First and foremost, for example, I loved the sound of language, the way that meaning bent
to sound, the unpredictability of those early and imperfect utterances, like learning how to dance alone with no one watching. There was so much mystery in watching the poems take shape, such surprise and pleasure in where the language took me.




Moreover, as a kid, the bright bewilderment of listening to words and moving them around felt wildly different than the other things I did, the other ways I read and wrote and spoke. Language, for the most part, is a tool, which suggests utility and purpose and intent. Speech has always been this way, I think. We developed language to form the communities we needed to survive, and so the value of even our oldest words was not in the words themselves but in whatever it was that they allowed. So our experience of language, its significance, its value, feels perpetually distant, in a sense, forever and irreversibly far. In almost every way it still is, probably more so. Because the logic of capital so thoroughly pervades our lives, most of the words we use exist as a means to an end and not as an end itself.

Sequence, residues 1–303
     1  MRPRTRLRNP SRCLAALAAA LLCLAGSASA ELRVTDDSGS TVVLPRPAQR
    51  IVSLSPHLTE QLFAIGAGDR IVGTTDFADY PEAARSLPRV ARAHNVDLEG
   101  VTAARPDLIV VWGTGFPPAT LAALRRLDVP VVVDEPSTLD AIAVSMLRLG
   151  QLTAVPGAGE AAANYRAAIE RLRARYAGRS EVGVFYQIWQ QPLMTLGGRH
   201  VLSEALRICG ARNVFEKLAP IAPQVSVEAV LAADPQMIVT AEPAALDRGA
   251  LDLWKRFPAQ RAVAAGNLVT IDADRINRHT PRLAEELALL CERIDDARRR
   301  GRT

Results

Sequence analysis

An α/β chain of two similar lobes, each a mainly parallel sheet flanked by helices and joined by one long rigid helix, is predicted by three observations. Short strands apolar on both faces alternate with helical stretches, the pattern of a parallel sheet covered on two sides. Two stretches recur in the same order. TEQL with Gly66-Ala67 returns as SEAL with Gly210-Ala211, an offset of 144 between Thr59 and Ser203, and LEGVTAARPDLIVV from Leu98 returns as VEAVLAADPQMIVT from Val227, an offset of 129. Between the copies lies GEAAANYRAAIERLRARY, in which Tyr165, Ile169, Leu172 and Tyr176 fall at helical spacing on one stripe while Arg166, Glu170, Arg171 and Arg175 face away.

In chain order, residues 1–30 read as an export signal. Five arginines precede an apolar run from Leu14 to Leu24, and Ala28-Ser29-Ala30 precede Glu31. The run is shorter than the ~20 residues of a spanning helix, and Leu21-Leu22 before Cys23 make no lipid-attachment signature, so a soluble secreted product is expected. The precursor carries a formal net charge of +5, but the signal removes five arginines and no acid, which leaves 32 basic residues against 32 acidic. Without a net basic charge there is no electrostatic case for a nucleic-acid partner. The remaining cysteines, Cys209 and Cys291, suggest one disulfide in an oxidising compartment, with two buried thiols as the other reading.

But poetry feels different to me, or at least it feels like it is trying to be different. On almost every level the poems I love the most resist the authoritarian demand for utility and efficiency and sense, what Wallace Stevens called the “rage for order.” At their best, poems are non-transactional, I think, which means that they exist for their own strange sake, often refusing to serve a purpose, and that matters. It matters because it’s spiritually and psychologically exhausting to go about a life feeling like everything you do and say depends on what the action grants you access to, something that, in turn, only matters insofar as it grants you access to something else. A person could go the entirety of a long life chasing the direct, unmediated experience of meaning in that way, doing one thing after another for the sake of something else, and arrive at the end of line having never once experienced the world and their small, impermanent position in it. That feels terribly sad to me. I don’t want to live like that. I want to feel alive. So when people ask me, as they do so often now, why poetry is important, why it matters in a time like this, what its use is, my initial intuition is to say that the value of the poem lives in all the ways that poems are not important, in the extent to which they don’t matter, in the sense that poetry is useless.